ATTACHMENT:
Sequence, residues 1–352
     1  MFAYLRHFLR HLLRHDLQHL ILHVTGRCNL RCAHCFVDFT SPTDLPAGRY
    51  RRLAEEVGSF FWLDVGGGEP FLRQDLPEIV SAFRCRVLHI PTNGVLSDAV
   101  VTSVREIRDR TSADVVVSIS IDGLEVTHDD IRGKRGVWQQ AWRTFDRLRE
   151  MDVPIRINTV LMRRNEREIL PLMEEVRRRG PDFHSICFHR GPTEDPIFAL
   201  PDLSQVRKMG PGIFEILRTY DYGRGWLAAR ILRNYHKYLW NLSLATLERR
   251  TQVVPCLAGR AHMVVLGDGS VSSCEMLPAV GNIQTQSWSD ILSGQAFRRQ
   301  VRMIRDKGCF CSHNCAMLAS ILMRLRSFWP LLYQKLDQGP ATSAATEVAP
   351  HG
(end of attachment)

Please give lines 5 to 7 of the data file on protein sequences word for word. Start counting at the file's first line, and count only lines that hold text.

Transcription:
   151  MDVPIRINTV LMRRNEREIL PLMEEVRRRG PDFHSICFHR GPTEDPIFAL
   201  PDLSQVRKMG PGIFEILRTY DYGRGWLAAR ILRNYHKYLW NLSLATLERR
   251  TQVVPCLAGR AHMVVLGDGS VSSCEMLPAV GNIQTQSWSD ILSGQAFRRQ